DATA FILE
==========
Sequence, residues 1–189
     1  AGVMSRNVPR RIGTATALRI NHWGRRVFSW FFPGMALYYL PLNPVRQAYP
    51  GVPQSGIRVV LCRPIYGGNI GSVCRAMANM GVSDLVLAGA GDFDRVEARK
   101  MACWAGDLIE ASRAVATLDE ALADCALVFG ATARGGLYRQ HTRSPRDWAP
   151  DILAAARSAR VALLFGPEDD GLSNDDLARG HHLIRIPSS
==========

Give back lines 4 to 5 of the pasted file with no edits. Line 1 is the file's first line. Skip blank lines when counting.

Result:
   101  MACWAGDLIE ASRAVATLDE ALADCALVFG ATARGGLYRQ HTRSPRDWAP
   151  DILAAARSAR VALLFGPEDD GLSNDDLARG HHLIRIPSS